California Department of Fish and Wildlife - Palos Verdes

Restoration Project

California Department of Fish and Wildlife - Palos Verdes

Restoration Objective:

The objective of restoration was to increase ecosystem services.

Cause Of Decline:

Macrocystis pyrifera beds along the southern California coast were relatively stable prior to 1940. Declines were first reported in 1945 in areas nearest major sewage outfalls. This deterioration progressively affected beds at increasing distances from the outfalls, leaving small patches. Deterioration of kelp accelerated when an influx of warm oceanic water persisted off California from 1957-1959.

Key Reasons For Decline:


Scientific Paper

The Marine plant biomass of the Pacific Northwest coast (Chapter: Kelp Restoration in Southern California)

K.C. Wilson, P.L. Haaker, D.A. Hanan

Site Observations:

Observation Date

1st Jul 1975 – 1st Jan 1977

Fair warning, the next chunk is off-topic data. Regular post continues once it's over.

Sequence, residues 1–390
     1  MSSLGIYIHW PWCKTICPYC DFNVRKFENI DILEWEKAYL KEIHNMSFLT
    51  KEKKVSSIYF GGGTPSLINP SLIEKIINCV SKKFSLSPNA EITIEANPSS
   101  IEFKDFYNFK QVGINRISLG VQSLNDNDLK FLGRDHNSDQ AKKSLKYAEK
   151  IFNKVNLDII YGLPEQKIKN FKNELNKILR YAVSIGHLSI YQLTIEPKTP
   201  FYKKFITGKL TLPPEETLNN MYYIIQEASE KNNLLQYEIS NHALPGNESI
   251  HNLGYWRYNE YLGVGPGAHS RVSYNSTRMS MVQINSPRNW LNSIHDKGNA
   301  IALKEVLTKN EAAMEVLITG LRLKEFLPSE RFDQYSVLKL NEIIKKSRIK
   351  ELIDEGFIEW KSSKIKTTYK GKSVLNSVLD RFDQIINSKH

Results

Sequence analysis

Action Summary:

At Palos Verdes, several thousand adult and juvenile Macrocystis plants were transplanted, mass cultures were dispersed, and gill netting was used to reduce large numbers of herbivorous fishes.

Lessons Learned:

This study transplanted juvenile and adult kelp plants from healthy kelp beds to new areas and focused on sea urchin control to ensure successful transplantation.

Project Outcomes:

Macrocystis was first found in Bluff Cove on the northwest side of Palos Verdes Peninsula in May 1975. This bed grew to 0.24 ha in July 1975, to 3.92ha in January 1976, and to 15.8ha in January 1977.

Key Reasons For Decline:


Area of Restoration (Ha)


Indicator Data:


Ending Value:

Starting Value: